For the first time, an oral therapy has been proved to reduce the risk of developing clinically definite multiple sclerosis in patients with a clinically isolated syndrome.
For the first time, an oral therapy has been proved to reduce the risk of developing clinically definite multiple sclerosis (MS) in patients with a clinically isolated syndrome. In a phase III trial published on September 2, 2014, in the journal Lancet Neurology, Miller et al clarified the role of oral teriflunomide (Aubagio) in the treatment of early episodes of demyelinating symptoms suggestive of MS.1
This randomized, double-blind, placebo-controlled study, known as the TOPIC study, evaluated the safety and efficacy of teriflunomide for patients between 18 and 55 years of age who had experienced their first instance of a clinically isolated syndrome in the 90 days prior to randomization in the trial. Importantly, each patient involved in the study was required to have at least 2 MRI-determined lesions (measured using T2-weighted MRI) at least 3 mm in diameter.1
In the 618-patient, 112-center study spanning 20 countries, patients were randomized in a 1:1:1 ratio to receive teriflunomide 14 mg daily (n = 216), teriflunomide 7 mg daily (n = 205), or placebo (n = 197) for up to 108 weeks.1
Investigators assessed the amount of time between the initial neurologic event and any new neurologic event—an event that would mark the transition from a clinically isolated syndrome to clinically definite MS (CDMS). Secondarily, investigators assessed MRI outcomes, including occurrence of new gadolinium-enhancing or T2 lesions.1
The study used an intent-to-treat design, but excluded from the study 2 patients who were randomized to receive teriflunomide but never received a dose of study medication.1
Both regimens of daily teriflunomide significantly reduced the risk of conversion to CDMS. The 7-mg dose reduced the risk of developing CDMS by 31.4% (P = .0020), and the 14-mg dose reduced the risk of developing CDMS by 34.9% (P = .0003).1
It is important for patients to understand the meaning of the 34.9% reduction in the risk of developing CDMS with use of teriflunomide. This percentage, which is derived from a hazard ratio, is a time-independent statistic. Subsequently, the result is difficult to imagine intuitively, and difficult for patients to understand.1,2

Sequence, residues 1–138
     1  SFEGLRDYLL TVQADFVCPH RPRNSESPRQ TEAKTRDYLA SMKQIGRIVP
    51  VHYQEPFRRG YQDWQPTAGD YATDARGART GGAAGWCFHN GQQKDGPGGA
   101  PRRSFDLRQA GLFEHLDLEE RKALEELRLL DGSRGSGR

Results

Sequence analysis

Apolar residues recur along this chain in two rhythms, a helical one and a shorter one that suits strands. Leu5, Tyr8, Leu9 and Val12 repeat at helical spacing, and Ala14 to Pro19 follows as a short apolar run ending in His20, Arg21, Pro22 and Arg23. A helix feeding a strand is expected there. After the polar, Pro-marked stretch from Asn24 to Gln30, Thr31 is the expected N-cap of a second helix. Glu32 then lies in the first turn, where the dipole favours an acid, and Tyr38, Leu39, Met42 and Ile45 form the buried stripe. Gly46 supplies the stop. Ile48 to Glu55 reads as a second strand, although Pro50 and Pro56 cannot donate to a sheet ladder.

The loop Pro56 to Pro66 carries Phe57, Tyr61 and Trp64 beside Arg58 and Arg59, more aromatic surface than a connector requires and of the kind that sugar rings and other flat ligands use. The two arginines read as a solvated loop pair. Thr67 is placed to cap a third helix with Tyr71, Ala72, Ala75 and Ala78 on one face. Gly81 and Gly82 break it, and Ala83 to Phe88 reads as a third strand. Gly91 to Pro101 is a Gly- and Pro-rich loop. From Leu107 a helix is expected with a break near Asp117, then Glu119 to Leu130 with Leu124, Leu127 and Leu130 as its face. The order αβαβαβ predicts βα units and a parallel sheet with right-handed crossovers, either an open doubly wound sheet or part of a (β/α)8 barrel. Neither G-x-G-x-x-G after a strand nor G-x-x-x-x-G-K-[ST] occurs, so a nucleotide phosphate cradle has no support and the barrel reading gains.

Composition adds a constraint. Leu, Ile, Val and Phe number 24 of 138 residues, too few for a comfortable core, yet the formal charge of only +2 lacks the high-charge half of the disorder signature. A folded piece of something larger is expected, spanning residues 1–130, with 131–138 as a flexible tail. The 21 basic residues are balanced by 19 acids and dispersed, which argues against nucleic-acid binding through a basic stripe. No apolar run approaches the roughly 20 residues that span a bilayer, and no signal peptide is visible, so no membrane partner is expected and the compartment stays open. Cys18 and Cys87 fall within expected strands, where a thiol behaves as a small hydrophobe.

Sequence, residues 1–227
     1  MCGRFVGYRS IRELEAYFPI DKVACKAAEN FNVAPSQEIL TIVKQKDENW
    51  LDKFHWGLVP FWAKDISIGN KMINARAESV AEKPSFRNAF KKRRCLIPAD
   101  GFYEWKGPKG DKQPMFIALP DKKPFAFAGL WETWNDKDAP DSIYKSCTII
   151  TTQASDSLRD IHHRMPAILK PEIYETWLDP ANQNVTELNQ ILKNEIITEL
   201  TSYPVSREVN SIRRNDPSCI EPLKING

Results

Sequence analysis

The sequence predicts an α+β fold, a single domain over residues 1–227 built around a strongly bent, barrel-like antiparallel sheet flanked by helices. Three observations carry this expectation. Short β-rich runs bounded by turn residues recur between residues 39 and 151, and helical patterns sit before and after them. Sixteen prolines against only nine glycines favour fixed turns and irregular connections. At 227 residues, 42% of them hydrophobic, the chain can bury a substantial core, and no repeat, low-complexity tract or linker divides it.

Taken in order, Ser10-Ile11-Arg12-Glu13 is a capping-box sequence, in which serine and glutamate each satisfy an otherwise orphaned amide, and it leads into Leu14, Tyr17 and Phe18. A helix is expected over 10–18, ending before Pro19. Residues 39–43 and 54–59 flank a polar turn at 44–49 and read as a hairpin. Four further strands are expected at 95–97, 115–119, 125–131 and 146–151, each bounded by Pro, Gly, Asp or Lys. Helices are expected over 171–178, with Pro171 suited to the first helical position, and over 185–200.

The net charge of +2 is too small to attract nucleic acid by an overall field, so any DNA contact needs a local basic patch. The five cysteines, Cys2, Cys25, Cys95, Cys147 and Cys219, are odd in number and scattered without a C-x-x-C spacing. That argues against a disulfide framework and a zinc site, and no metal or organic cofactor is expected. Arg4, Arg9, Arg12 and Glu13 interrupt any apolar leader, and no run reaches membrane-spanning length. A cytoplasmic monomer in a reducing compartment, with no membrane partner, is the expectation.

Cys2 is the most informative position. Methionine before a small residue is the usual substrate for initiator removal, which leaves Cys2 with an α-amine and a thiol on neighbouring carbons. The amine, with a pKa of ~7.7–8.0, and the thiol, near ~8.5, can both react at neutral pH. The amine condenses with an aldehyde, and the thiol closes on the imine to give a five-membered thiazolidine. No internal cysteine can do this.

One way to imagine the reduction in risk of developing CDMS is in terms of a coin toss. Normally, if 2 identical patients have developed a clinically isolated demyelinating syndrome, the probability that one person would develop a CDMS before the other would be equal—like the odds of getting heads or tails when flipping a coin.2
In patients taking a 14-mg daily dose of teriflunomide, the first person to develop CDMS would be the person taking placebo in 61% of cases—not 50% of cases, as would be expected if both patients took placebo. In other words, teriflunomide reduces the risk of being the first person to develop MS among 2 identical individuals from 50% to 39%.1,2
Adverse events (AEs) occurring in the trial included increased liver enzyme levels, hair thinning, diarrhea, paresthesia, and upper respiratory tract infection. Each of these AEs occurred in at least 10% of patients using teriflunomide, and occurred at a rate at least 2 percentage points higher than in patients receiving placebo.1
Serious AEs included increased liver enzyme levels, which occurred in 2% of each treatment group—including the placebo group.1
The TOPIC study is the first to evaluate the efficacy of an oral treatment in reducing the risk of progression from a clinically isolated demyelinating syndrome to clinically definite MS.1
1. Miller AE, Wolinsky JS, Kappos L, et al. Oral teriflunomide for patients with a first clinical episode suggestive of multiple sclerosis (TOPIC): a randomised, double-blind, placebo-controlled, phase 3 trial. Lancet Neurol. 2014;13(10):977-986.
2. Spruance SL, Reid JE, Grace M, Samore M. Hazard ratio in clinical trials. Antimicrob Agents Chemother. 2004;48(8):2787-2792.